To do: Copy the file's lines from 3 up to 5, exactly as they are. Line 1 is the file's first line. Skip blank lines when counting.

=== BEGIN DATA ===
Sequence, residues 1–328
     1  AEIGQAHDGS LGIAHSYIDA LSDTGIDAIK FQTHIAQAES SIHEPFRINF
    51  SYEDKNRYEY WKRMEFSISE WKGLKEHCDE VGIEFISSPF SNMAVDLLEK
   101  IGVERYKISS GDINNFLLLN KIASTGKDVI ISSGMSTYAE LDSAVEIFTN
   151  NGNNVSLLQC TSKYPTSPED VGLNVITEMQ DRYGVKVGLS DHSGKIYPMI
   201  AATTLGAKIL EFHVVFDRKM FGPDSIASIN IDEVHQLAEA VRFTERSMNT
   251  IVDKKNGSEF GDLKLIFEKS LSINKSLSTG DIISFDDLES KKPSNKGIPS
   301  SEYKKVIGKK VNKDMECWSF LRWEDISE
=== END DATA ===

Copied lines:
    51  SYEDKNRYEY WKRMEFSISE WKGLKEHCDE VGIEFISSPF SNMAVDLLEK
   101  IGVERYKISS GDINNFLLLN KIASTGKDVI ISSGMSTYAE LDSAVEIFTN
   151  NGNNVSLLQC TSKYPTSPED VGLNVITEMQ DRYGVKVGLS DHSGKIYPMI